Simplifying Forehead Reconstruction: A Review of More Than 200 Cases
01 June 2016 (online)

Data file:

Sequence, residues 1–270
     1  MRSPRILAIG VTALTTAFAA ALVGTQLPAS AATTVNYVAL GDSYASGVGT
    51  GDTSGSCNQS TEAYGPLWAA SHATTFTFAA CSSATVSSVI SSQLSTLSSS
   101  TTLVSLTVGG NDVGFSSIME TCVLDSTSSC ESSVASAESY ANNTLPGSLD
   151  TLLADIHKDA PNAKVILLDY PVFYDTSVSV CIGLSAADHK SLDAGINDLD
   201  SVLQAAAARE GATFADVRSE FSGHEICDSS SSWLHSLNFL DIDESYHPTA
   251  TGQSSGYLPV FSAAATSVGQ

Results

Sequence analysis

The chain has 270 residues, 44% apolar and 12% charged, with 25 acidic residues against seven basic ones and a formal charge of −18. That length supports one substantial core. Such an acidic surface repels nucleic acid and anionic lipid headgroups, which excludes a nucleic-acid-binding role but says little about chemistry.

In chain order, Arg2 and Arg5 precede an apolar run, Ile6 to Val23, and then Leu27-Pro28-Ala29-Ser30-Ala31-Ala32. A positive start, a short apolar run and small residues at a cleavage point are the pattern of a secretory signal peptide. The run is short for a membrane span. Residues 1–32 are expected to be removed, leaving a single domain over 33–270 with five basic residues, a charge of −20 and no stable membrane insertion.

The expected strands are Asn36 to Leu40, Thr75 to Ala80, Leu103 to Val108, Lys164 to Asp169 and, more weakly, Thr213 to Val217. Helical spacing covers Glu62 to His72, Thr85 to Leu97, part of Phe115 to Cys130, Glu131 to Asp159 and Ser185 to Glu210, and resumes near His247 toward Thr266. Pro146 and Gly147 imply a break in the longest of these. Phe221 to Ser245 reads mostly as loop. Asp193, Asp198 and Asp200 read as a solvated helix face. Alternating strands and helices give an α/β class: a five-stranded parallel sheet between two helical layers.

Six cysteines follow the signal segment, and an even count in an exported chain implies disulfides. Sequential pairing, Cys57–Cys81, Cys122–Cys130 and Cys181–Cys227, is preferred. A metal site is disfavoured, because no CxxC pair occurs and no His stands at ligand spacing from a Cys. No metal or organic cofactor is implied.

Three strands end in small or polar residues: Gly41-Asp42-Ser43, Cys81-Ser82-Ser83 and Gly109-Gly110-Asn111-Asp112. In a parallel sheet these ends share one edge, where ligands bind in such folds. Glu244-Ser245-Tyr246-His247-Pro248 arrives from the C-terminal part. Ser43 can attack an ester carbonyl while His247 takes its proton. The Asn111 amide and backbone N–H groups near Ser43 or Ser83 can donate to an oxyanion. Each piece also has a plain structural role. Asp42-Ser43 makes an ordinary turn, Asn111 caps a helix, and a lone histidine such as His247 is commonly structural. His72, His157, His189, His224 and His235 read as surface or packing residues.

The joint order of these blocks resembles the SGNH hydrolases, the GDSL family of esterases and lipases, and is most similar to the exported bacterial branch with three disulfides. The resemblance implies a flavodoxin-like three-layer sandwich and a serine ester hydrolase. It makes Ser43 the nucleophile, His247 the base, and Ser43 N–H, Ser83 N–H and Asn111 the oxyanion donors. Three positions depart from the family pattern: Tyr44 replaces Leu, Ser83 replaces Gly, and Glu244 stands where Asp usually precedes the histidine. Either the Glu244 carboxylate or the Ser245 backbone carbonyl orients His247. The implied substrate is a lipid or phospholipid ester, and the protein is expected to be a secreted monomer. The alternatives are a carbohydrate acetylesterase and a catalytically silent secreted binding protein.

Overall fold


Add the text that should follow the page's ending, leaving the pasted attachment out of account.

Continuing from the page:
The forehead is a unique facial region with distinct boundaries and variability in shape from patient to patient. When reconstructing the forehead, it is critical to take into account the regional boundaries as their distortion may result in noticeable facial asymmetry. We propose subdividing the forehead into newly defined zones and put forth a rational algorithm for forehead repair based on these divisions. We retrospectively reviewed a single surgeon's (F. H. S.) experience with Mohs excision and immediate reconstruction of the forehead over a 3-year period. A total of 227 consecutive post-Mohs forehead reconstructions were identified, and the reconstructive technique for a given defect size and location and postoperative complications were recorded. The average patient age was 69 years and 114 (50%) patients were female. Reconstructive techniques varied based on defect size and location within the five distinct forehead zones. Primary closure was the favored technique when appropriate, with variation in orientation based on forehead zone. Modified Burow's advancement flap was the most commonly utilized reconstruction for defects of midlateral forehead and suprabrow area, accounting for 51.7 and 62.5% of repairs, respectively. Other techniques included A-to-T flaps, rotation flaps, and full-thickness skin grafting. Using our defined zones, most common repair techniques, and final outcomes, a reconstructive algorithm for post-Mohs excisions on the forehead was derived. Consideration of the five distinct forehead zones and application of an algorithm to guide technique selection for post-Mohs forehead defect repair can lead to consistent results.